Obama declares himself an admirer of President Theodore Roosevelt, who coined the phrase “speak softly and carry a big stick.” These days, the U.S. commander in chief minds his words while brandishing a very big nuclear stick at the North Koreans, who respond by speaking loudly and waving the only stick they have. Pointing to other countries on the U.S. hit list who didn’t have nukes, the North Korean paper Rodong Sinmun (Workers Press) wrote: “Let the American imperialists know. We are not a pushover like Iraq or Libya” (New York Times, 16 March).
Meanwhile, the military and economic measures the U.S. has undertaken against the DPRK, in contrast to its guarded words, are quite aggressive and provocative.
Last December, when North Korea successfully launched a satellite into space, the U.S. called for intensifying economic sanctions against the DPRK, arguing that the satellite launch was the equivalent of an intercontinental ballistic missile test, which it had gotten the United Nations to ban. This was refuted by a National Research Council panel of top scientists and military experts that held that the technology and trajectory of the launch rocket differed from an ICBM and the small payload couldn’t possibly “be of any significant threat” (New York Times, 13 December 2012).
The stepped-up sanctions were voted at the United Nations on January 22. The DPRK delegate pointed out that there have been 2,000 nuclear tests and at least 9,000 satellite launchings since the U.N. was formed, yet none had been banned by the Security Council. When a week later South Korea lifted a satellite into orbit, there were no resolutions condemning that. North Korea expressed its defiance with a third nuclear test, on February 12, which was far larger than past blasts, and may have been based on uranium, of which the North has plenty.
The February nuclear test was met three weeks later with even more onerous U.N. sanctions intended to strangle the North Korean economy, this time aimed at bank transactions. But as in January, the most important aspect of the resolution was that the U.S. worked it out together with China, the DPRK’s main backer and trading partner. Since then there have been numerous stories in the Western press divining a qualitative shift in China’s backing for North Korea. But while Beijing may try to pressure Pyongyang, President Xi Jinping is certainly aware that the collapse of the DPRK would bring U.S. troops right up to China’s Yalu River border.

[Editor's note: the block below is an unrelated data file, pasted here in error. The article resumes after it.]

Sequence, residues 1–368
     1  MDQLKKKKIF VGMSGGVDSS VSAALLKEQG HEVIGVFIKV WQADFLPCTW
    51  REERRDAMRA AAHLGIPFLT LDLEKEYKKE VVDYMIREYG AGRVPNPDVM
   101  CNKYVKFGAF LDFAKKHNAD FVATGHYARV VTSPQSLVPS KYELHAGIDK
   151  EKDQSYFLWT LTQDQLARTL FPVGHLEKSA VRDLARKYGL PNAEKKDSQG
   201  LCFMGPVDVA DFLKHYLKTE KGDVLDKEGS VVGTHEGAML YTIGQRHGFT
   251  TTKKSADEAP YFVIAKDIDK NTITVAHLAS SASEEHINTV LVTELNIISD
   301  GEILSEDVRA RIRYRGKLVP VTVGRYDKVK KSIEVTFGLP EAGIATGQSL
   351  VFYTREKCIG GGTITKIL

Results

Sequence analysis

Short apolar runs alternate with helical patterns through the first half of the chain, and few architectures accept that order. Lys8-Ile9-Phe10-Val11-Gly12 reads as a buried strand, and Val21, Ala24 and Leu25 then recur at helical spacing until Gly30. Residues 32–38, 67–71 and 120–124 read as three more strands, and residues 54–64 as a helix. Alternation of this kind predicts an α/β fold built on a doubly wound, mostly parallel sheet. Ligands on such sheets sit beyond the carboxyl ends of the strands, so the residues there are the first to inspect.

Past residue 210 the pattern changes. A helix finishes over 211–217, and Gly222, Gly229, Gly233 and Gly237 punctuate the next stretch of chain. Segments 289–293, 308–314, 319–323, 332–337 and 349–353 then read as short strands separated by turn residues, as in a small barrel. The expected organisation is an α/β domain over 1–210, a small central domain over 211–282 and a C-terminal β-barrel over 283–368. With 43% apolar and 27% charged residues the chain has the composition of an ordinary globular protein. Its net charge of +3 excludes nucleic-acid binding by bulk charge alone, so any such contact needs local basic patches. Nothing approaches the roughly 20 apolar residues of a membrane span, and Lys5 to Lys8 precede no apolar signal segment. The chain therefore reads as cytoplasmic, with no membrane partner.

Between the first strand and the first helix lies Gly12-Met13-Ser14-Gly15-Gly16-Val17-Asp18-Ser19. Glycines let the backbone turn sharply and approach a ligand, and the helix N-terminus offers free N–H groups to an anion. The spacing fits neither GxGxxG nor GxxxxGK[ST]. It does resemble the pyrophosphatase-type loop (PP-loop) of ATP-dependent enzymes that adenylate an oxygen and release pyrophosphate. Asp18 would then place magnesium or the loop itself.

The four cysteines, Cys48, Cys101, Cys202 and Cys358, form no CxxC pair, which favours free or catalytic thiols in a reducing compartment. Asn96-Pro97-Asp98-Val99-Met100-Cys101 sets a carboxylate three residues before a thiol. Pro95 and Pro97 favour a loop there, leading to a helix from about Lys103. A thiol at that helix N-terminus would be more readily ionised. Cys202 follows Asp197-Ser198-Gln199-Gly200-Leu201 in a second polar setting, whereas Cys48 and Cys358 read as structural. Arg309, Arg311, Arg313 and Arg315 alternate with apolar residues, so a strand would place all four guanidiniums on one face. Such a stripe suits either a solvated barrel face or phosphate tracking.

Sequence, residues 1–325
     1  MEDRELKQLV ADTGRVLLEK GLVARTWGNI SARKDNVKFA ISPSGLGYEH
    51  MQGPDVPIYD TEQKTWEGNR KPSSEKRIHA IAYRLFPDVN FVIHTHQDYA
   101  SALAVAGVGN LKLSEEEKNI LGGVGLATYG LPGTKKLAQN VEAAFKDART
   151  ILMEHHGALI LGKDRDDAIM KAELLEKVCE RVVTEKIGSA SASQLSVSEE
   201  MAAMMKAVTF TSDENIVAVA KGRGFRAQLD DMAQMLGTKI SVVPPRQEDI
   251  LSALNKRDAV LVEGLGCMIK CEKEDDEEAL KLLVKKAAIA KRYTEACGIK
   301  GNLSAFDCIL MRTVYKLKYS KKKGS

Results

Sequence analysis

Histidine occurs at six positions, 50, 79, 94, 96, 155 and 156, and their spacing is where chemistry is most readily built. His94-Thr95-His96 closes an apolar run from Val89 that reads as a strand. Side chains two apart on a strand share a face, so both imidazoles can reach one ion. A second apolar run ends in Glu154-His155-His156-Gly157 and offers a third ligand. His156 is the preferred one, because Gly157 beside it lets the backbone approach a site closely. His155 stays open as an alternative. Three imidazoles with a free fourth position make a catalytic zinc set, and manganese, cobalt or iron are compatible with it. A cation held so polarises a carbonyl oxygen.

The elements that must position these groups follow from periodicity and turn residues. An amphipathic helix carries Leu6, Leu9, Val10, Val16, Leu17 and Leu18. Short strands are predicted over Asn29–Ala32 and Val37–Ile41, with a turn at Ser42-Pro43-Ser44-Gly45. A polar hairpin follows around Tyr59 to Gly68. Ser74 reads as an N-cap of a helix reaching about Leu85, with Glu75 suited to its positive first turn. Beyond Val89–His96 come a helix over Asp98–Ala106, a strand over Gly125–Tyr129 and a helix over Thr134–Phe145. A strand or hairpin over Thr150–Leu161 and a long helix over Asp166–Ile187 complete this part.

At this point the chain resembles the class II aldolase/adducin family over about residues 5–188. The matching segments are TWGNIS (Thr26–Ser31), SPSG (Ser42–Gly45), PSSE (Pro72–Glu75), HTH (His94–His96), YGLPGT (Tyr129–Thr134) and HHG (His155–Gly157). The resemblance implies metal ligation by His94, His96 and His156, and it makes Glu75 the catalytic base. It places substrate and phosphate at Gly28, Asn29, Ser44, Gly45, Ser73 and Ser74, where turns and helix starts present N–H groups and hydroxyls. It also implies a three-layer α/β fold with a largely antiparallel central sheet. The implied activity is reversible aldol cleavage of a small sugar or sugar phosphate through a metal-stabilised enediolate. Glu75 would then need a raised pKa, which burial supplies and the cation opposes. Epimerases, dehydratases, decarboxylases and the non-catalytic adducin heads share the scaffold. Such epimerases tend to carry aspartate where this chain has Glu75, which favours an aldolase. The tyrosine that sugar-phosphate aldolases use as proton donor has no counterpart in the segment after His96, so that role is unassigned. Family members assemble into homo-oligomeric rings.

War “Games”: The
U.S. “Playbook” in Korea
South Korean tanks (above) on maneuvers only 9 miles south of Demilitarized Zone in rehearsal of invasion of North Korea, March 27. South Korean marines (below) practice for landing in North Korea, March 28. (Photos: Yonhap, AP)
There is only so much a tightened economic blockade can do against North Korea, which is already the most sanctioned country in the world. So next came the imperialist military provocations. Beginning in early March, three overlapping “war games” were launched by the U.S. and South Korea. The first, the annual two-month-long Foal Eagle exercise, involves more than 10,000 American troops, along with around 200,000 South Korean soldiers. The maneuvers include a dress rehearsal of a landing of tens of thousands of troops to occupy Pyongyang, and live-fire exercises just below the armistice line of the 1950-53 Korean War.